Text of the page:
New data breach legislation
In the past two months, there have been two bills introduced in Washington, D.C. that are attempting to set nationwide standards for the security and privacy of consumers’ personal information. There are already 46 different data breach notification laws in 46 states with somewhat different and inconsistent provisions regarding the notification of consumers. One of the intents of a national bill would be to eliminate these inconsistencies ensuring that all consumers are treated fairly and consistently when affected by a data breach incident. These bills are important to keep an eye on—and likely to be controversial—especially if you maintain and manage large amounts of consumer data.
The “Data Security and Breach Notification Act of 2010” was introduced by Senator Pryor (D-Arkansas) and Senator John Rockefeller (D-West Virginia) on August 5, 2010. The bill requires businesses and organizations that handle and store private consumer information, such as social security numbers, to use “reasonable security policies and procedures” to protect such information and to “provide nationwide notice in the event of a security breach.”
In addition to requiring organizations to use appropriate security technologies and processes to safeguard the personal information of consumers, the legislation would require companies to periodically assess their risk profile and take corrective actions in addressing security weaknesses. The Act would also require notification of consumers affected by a data security breach within 60 days of discovery. And for the first time, this bill would require that the organization provide the affected consumers with two years of credit reports, credit monitoring or “other service that enables consumers to detect the misuse of their personal information.”
Separately, Senator Carper (D-Delaware) and Senator Bennett (R-Utah) introduced the “Data Security Act of 2010” in July. This bill focuses on entities such as financial institutions, retailers, and federal agencies that handle vast amounts of consumer data. Like the Pryor bill, it includes a requirement for notification of consumers when a data security breach occurs where there is a substantial risk to the consumer of identity theft or account fraud, but it does not prescribe that consumers be provided with free access to credit monitoring or other services to prevent or detect identity theft and fraud.
Proposed new legislation follows health care lead and pitfalls
These bills are likely to have some of the same issues and problems that currently exist with health care’s Health Information Technology for Economic and Clinical Health (HITECH) Act, which provides for the security and privacy of protected health information (PHI). While the HITECH Act specifies notification of patients whenever a data breach occurs, the companion rules from the Department of Health and Human Services (specifically the Interim Final Rule) clarify that the provision for data breach notification is only for cases where there is a “substantial risk of financial, reputational or other harm” to the affected consumers. While this may sound fairly logical, it has been met with resistance and disdain from consumer advocates. The issue with establishing and regulating use of a “harm threshold” for data breach notification is in the details.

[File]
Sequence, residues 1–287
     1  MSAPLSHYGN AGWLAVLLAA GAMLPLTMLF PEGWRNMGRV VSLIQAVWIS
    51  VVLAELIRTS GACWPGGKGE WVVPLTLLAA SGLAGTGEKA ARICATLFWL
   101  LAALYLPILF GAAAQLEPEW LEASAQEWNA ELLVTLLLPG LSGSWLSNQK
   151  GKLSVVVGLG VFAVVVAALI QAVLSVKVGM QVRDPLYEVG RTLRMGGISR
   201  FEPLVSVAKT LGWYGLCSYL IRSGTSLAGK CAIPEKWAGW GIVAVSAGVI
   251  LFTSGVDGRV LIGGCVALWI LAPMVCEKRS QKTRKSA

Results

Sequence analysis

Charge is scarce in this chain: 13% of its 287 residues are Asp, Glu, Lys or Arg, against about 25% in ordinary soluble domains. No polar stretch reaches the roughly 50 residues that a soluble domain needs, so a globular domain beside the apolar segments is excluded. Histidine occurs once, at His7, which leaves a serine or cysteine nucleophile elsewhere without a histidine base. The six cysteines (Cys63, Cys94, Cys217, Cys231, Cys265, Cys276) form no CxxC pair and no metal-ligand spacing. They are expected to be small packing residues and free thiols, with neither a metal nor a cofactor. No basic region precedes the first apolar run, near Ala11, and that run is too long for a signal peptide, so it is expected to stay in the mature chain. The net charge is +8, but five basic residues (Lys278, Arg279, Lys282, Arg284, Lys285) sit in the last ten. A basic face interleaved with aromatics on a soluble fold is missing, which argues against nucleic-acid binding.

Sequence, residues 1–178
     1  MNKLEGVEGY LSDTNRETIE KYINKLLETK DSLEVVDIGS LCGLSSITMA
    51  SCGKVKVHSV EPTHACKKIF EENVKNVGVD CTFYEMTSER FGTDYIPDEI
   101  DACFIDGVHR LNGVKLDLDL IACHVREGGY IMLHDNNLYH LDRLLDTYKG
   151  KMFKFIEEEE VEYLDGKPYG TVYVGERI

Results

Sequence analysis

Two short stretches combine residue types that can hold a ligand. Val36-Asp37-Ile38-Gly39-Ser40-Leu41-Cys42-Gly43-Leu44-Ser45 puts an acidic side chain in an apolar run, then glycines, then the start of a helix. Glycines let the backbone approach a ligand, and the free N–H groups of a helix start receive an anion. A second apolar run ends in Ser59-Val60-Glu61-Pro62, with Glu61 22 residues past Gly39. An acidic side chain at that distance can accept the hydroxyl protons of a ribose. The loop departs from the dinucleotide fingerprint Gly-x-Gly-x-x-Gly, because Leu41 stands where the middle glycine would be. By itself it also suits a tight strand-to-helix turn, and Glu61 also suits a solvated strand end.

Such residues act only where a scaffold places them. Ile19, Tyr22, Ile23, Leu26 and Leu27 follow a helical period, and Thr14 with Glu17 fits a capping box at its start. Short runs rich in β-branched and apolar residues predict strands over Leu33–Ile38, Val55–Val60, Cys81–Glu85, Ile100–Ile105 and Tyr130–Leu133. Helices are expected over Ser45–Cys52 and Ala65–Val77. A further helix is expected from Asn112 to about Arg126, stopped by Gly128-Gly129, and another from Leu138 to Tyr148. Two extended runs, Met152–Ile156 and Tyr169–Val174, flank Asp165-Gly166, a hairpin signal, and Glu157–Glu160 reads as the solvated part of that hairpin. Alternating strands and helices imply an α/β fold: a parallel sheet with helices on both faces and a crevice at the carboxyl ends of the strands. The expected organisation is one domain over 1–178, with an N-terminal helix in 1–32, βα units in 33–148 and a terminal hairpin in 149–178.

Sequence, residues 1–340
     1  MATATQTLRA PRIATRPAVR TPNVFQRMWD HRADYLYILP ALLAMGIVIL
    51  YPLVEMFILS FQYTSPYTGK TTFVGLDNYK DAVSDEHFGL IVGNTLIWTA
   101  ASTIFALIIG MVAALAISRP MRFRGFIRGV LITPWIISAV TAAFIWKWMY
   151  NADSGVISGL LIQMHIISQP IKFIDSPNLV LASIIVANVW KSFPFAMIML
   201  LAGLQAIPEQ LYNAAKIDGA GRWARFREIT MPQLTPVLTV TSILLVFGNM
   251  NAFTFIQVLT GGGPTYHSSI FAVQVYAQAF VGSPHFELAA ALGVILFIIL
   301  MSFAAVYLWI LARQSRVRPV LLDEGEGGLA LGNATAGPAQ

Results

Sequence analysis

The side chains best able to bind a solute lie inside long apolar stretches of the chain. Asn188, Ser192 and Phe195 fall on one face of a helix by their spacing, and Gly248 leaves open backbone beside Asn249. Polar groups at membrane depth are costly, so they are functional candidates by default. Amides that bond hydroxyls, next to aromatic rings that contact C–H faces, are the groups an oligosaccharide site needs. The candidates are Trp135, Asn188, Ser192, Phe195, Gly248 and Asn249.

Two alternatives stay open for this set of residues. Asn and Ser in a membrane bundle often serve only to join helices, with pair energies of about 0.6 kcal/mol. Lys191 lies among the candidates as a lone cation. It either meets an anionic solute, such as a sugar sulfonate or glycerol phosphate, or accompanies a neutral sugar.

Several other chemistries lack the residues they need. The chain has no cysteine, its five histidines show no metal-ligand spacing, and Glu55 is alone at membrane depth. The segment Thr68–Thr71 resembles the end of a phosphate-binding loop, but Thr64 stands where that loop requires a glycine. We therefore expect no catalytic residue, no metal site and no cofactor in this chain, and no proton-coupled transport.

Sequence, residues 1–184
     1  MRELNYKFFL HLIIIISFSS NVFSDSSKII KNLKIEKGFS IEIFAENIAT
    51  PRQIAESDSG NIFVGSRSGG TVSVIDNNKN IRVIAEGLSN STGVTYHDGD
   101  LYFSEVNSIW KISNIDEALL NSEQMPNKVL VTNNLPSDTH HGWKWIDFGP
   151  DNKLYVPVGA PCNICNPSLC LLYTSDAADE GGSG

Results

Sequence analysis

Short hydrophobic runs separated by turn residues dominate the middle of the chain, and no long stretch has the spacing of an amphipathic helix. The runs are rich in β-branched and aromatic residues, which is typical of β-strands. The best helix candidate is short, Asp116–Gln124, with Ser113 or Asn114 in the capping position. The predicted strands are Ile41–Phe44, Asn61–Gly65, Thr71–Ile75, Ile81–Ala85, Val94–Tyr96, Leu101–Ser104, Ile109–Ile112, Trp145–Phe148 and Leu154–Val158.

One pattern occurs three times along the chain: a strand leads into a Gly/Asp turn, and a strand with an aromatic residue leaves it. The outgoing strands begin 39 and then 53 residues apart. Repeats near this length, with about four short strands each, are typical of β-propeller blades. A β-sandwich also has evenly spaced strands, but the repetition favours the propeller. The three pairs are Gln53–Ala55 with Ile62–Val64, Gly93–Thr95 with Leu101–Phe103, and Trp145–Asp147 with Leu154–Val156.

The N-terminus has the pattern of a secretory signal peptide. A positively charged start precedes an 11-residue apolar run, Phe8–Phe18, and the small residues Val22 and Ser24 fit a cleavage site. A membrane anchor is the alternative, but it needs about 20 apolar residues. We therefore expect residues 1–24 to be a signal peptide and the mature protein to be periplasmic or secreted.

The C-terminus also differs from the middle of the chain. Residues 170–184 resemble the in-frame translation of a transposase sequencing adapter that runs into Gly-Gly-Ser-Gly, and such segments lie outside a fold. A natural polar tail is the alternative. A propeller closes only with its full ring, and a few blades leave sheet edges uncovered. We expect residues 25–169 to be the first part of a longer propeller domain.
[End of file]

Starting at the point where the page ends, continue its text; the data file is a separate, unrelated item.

Risk assessments important to determine level of harm to individuals
Why is it more difficult to determine the personal impact of the unauthorized disclosure of health care data (such as a recent medical procedure or prescription) versus your social security number? Here’s the problem. Today both federal and state data breach notification laws require that the affected organization perform an incident risk assessment to determine if there is risk of harm. Or in other words, if the people affected may become victims of identity theft. If a social security number is included in the lost or stolen data, these assessments will focus on whether financial harm will befall those affected, making it easier to support going to notification. (Notification is expensive and creates the opportunity for reputational risk to the organization).
One of the challenges in doing an effective incident risk assessment is determining the impact of data other than social security number. The other challenge is trying to figure out what to do once these data elements are lost to correct the problem.
First, can we assume that the organizations affected will carry out a proper risk assessment and come to a fair and accurate conclusion as to whether there is a risk of harm? Such a determination can cost them millions of dollars in data breach remediation costs alone, not even considering the less measurable costs such as customer churn and reputational damage, which are just as real. Such costs really could make it difficult for the same individuals that caused the data breach to admit that it could cause harm to the affected people.